Generation Next: "Inner Fragments: Contemporary Art by Iranian Women Artists"
Art exhibits get organized for lots of reasons. In the case of Inner Fragments, a traveling exhibit of 16 young Iranian women artists that landed recently (and briefly) in the University of Michigan’s Duderstadt Gallery, the organizers aim to correct what they see as some misperceptions in the West about contemporary art and artists in Iran.
Their work, varied in style and tone and featuring media from painting to sculpture to video, suggests that Iranian women artists share more with their Western sisters than the sum of their differences might suggest.
Since the Islamic revolution in 1979, cultural exchange between Iran and the U.S. has been blocked, often limiting Western perceptions of Iranian art and society to mass media’s oversimplifications. According to curators Mahsa Soroudi and Parisa Ghaderi, contemporary Iranian visual culture is emphatically not all trite platitudes about the Hijab and terrorism. To quote the curators’ statement “[Inner Fragments] portrays a slice of [Iranian] women’s lives that is profound and beyond typical clichés.”
In addition to the travel ban, and no financial transaction between Iran and the U.S., there have been monumental obstacles in bringing work for the exhibit. Ghaderi feels this has resulted in a distorted view of the contemporary art scene in Iran, particularly for younger artists like the ones in Inner Fragments. She says, “So many curators keep exhibiting the same group of [Iranian] artists … that’s what motivates me and Mahsa -- there are so many things about Iran and Iranian women and Iranian art that nobody knows.” She adds, though, that Instagram has provided a valuable lifeline to relatively isolated artists in Iran, especially by enabling cultural connection to Europe, because of better sociopolitical climate.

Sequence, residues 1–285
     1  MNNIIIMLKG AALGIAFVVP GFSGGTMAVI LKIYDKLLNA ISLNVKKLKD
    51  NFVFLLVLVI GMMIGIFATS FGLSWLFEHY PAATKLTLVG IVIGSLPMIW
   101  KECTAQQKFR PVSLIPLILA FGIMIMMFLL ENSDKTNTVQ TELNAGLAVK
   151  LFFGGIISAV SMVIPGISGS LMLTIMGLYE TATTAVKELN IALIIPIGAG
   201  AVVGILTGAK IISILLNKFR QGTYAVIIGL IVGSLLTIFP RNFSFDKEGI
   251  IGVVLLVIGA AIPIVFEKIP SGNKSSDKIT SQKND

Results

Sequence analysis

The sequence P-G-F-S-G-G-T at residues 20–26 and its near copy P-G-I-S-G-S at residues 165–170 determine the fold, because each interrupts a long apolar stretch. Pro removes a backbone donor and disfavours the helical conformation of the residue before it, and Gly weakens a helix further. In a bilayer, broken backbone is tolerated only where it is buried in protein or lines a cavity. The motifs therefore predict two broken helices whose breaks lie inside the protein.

Many of the paintings, photographs, and sculptures in Inner Fragments depict or refer to the figure. Mahshid Soroudi’s young women, thinly clothed and stranded in an inhospitable environment, glance furtively over their shoulders, while the female figures in Elahe Farzi’s paintings gaze out at the viewer from a domestic interior without making eye contact. The indistinct figures in photographs by Narcisse E. Esfahani seem literally frozen in isolation, and the crumpled bronze shoes of Nastaran Safaei imply the aftermath of some disaster. All of the work is intensely personal, and any political content is submerged in the particularity of each artist’s experience.
Untamed expressionism is well represented in the artworks of Tarlan Tabar and Niloofar Mohammadifar. Tarlan Tabar’s large acrylic painting, from a series entitled Exterminating Angel, is an unconstrained and cheerfully brutal phantasmagoria based on the Luis Bunuel film by the same name. A little sweeter in tone, but no less exuberant, is Niloofar Mohammadifar’s painting Heaven. Either of these talented painters could give newly minted American art star Dana Schutz a run for her money in the department of audacity.
Azadeh Ramezani Tabrizi employs humor and irony as she describes the existential predicament of a constrained reality. Her series Free Range features tiny headless chickens under glass, ready for the dining table. (There’s also an accompanying video.) She explains that, as they await their fate, her poultry can contemplate freedom and its value, even if only through memories.
Curators Soroudi and Ghaderi have succeeded in their stated aim in organizing Inner Fragments. They have presented a new generation of Iranian artists to a new audience. Inner Fragments will be traveling soon to the Fitton Center in Hamilton, Ohio (on view August 10 – October 4) and the organizers hope the show will find future venues on the West Coast.
The artists in the show are Sanaz Dezfoulian, Tarlan Tabar, Azadeh Ramezani Tabrizi, Elahe Farzi, Farnaz Rabieijah, Ghazaleh Baniahmad, Hadieh Afshani, Mahshid Asoudekhah, Maryam Farahzadi. Narcisse E. Esfahani, Nazli Tahvili, Neda MoinAfshari, Niloofar Mohammadifar, Mahshid Soroudi, Nasim Davari, Nastaran Safaei.
K.A. Letts is an artist and art blogger. She has shown her work regionally and nationally and in 2015 won the Toledo Federation of Art Societies Purchase Award while participating in the TAAE95 Exhibit at the Toledo Museum of Art. You can find more of her work at RustbeltArts.com.